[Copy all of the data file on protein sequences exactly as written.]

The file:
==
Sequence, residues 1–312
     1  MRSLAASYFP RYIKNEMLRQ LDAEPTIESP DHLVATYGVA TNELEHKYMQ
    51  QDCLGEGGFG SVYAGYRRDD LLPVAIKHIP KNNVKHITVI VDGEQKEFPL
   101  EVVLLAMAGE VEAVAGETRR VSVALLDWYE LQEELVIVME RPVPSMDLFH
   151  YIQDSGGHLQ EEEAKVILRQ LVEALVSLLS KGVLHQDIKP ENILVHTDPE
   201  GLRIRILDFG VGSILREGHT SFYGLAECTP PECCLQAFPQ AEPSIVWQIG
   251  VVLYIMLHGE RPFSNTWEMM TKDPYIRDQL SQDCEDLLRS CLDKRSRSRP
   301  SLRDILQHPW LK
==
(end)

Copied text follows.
Sequence, residues 1–312
     1  MRSLAASYFP RYIKNEMLRQ LDAEPTIESP DHLVATYGVA TNELEHKYMQ
    51  QDCLGEGGFG SVYAGYRRDD LLPVAIKHIP KNNVKHITVI VDGEQKEFPL
   101  EVVLLAMAGE VEAVAGETRR VSVALLDWYE LQEELVIVME RPVPSMDLFH
   151  YIQDSGGHLQ EEEAKVILRQ LVEALVSLLS KGVLHQDIKP ENILVHTDPE
   201  GLRIRILDFG VGSILREGHT SFYGLAECTP PECCLQAFPQ AEPSIVWQIG
   251  VVLYIMLHGE RPFSNTWEMM TKDPYIRDQL SQDCEDLLRS CLDKRSRSRP
   301  SLRDILQHPW LK